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Types of Asian Dumplings

Dumplings are one of the best foods you can eat. They're light, healthy & come in different varieties so knowing where to start can be overwhelming for people new to eating Dim Sum.


In this post, we'll try to shed some light on some of the most common & popular varieties to help you choose well while you want to order.


What are some of the Best Types of Asian Dumplings?


Xiao Long Bao





What are Xiao Long Bao (Soup DumplingS)?


Xiao Long Bao or soup dumplings are one of my all time favourite foods.


They're made by mixing the meat mixture (usually pork) with some pork soup jelly and assembling the dumplings while they're still cold. When the dumplings are steamed and hot, this jelly melts back into a soup and gives them a liquid centre.


They're typically eaten with chopsticks and a soup spoon. You'll be given some dark, black vinegar with some pickled ginger to go with it.



Xiao Long Bao at Din Tai Fung, London
Xiao Long Bao at Din Tai Fung, London


Where can I Try Them?


You can get some excellent Xiao Long Bao from Din Tai Fung in Central London (although you should be prepared to pay a bit more than in your average dim sum restaurant), or they're readily available in any good dim sum restaurant.




Momos




What are momos?



Momos are a Tibetan & Nepali dumpling that has grown in popularity across India.


They're an interesting fusion of Indochinese influences which make them interesting to try for anyone looking to try something different.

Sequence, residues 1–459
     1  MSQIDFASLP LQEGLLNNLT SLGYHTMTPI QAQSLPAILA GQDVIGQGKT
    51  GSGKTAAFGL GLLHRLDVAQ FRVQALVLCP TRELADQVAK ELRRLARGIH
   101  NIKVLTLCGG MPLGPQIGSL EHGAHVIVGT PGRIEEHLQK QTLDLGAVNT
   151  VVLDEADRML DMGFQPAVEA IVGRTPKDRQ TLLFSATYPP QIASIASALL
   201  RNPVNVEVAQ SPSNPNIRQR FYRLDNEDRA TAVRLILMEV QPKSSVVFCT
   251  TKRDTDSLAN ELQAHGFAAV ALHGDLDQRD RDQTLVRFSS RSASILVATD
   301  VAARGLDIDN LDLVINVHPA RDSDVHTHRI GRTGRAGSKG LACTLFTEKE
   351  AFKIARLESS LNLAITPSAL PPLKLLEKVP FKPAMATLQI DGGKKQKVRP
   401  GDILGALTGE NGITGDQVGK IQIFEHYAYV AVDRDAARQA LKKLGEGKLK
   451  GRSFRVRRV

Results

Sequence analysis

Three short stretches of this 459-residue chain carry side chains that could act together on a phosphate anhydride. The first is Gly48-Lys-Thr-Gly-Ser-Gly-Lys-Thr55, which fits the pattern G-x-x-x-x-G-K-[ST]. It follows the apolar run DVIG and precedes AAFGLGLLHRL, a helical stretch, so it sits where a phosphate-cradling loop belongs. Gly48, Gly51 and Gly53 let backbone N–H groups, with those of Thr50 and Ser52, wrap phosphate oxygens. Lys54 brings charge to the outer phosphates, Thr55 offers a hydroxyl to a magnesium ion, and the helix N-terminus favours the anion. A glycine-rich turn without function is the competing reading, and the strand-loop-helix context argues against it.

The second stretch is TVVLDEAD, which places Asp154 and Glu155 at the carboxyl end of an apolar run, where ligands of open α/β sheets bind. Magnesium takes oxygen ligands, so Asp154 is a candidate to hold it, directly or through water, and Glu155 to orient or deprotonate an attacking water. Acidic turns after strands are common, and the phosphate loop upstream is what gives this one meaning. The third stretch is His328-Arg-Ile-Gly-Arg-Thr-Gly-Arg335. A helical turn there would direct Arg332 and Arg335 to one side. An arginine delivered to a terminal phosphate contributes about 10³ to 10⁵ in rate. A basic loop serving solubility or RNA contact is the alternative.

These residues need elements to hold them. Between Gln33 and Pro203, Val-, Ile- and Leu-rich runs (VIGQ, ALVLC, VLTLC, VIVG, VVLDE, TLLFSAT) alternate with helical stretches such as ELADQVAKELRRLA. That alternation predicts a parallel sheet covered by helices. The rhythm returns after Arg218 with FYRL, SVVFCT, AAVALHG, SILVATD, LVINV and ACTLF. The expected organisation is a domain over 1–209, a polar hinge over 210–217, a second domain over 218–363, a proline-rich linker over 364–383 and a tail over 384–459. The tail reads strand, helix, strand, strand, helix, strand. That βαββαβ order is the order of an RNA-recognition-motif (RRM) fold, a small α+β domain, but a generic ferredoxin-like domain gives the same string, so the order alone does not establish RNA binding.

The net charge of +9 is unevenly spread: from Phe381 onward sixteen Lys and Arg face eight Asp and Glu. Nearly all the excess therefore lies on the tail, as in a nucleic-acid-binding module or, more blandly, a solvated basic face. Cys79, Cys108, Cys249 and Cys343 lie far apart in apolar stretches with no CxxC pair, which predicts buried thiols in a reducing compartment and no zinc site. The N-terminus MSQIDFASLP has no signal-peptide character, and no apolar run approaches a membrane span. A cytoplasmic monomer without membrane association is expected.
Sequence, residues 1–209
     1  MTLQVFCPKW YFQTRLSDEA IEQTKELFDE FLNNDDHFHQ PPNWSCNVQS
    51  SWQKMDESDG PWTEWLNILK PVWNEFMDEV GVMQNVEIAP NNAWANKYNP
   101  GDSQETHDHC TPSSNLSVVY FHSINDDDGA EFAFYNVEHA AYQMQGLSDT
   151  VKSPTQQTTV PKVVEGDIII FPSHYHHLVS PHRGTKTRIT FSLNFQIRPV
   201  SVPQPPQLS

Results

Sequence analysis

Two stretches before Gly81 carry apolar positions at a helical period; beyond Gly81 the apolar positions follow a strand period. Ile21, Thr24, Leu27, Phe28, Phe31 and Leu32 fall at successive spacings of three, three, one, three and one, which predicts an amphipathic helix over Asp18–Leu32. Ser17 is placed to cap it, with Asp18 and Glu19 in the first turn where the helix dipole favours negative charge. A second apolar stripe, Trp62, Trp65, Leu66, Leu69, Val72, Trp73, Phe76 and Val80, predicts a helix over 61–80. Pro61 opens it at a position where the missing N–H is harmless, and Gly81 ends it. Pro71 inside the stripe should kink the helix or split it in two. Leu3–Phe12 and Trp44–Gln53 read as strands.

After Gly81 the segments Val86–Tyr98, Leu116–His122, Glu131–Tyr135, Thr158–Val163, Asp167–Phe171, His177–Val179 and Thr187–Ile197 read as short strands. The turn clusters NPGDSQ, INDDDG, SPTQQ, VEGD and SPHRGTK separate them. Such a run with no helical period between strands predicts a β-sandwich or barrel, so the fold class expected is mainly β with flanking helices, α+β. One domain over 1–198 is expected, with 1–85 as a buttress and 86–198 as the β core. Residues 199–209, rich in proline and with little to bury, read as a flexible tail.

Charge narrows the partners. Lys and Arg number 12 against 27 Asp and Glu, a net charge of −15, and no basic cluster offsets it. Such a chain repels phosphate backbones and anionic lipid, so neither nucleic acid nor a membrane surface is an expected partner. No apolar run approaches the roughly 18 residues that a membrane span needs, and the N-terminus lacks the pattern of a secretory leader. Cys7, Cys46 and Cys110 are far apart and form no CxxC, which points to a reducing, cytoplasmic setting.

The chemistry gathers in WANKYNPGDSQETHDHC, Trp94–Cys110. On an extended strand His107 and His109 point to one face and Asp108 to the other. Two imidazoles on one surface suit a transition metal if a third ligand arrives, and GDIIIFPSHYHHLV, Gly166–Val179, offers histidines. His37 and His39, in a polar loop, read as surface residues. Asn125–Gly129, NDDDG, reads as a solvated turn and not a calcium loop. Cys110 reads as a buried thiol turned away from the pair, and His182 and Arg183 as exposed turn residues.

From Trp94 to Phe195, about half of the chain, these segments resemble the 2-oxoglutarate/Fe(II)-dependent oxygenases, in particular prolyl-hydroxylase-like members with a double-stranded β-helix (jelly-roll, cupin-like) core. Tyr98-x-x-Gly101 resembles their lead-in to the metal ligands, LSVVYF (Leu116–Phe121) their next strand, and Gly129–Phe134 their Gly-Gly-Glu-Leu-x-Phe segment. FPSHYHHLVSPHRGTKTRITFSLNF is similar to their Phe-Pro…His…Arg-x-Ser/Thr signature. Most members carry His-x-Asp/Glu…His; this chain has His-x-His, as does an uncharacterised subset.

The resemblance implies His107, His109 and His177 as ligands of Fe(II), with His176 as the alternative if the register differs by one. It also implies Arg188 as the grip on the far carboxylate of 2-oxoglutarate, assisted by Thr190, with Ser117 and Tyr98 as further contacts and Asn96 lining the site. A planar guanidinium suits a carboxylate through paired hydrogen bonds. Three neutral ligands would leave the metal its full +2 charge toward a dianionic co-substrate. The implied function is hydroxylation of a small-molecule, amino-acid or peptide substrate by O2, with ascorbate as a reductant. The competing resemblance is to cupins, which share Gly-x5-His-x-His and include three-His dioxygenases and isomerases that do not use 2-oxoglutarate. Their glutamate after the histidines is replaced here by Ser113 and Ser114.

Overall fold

Where can I Try Them?


In London, you can get Momos from House of Momo.


In Edinburgh you could try Momo Nepalese kitchen.



Gyoza or Jiaozi



Pork & Prawn Gyoza. Dumplings
Pork & Prawn Gyoza


What are gyoza?


Gyoza or Japanese potstickers are one of the best dumplings.


They're typically fried and steamed in the same pan, giving a crispy base and a soft dumplings.


The filling can vary, with pork & prawn, pork & chive being some of the more popular flavours.


Where can I get them?

You can get high quality frozen gyozas in any good Oriental supermarket in any major Chinatown.


They'll also be able to sell you some gyoza wrappers if you only want to make the filling and save some time.


Wonton


Wontons are Cantonese dumplings made from a Wheat Flour dough.


The name roughly translates as "swallowing a cloud" and they're most commonly served in a warm bowl of wonton soup with some warm broth.



Siu Mai



Asian Dumplings, Siu Mai
Siu Mai


Siu Mai are a unique looking dumpling style, with an open top exposing the pork mixture in the bright yellow wrapper.


The filling is normally fatty cuts of pork, meaning they are moist & flavourful.


Har GaU


Har gau or crystal shrimp dumplings are made with Tapioca & wheat starch dough, giving a characteristic translucent wrapper surrounding the prawn & pork mixture inside.


They're a standard item in any dim sum restaurant, and are often considered a test of a dim sum chef's skill.



Conclusion


Dim Sum and dumplings are fantastic food and one you can find good examples of in almost any city.


Hopefully this guide will give you the confidence to know some of the different types of dumplings & order when you feel overwhelmed by a menu and don't know where to start or what to expect from the different types of dumpling.

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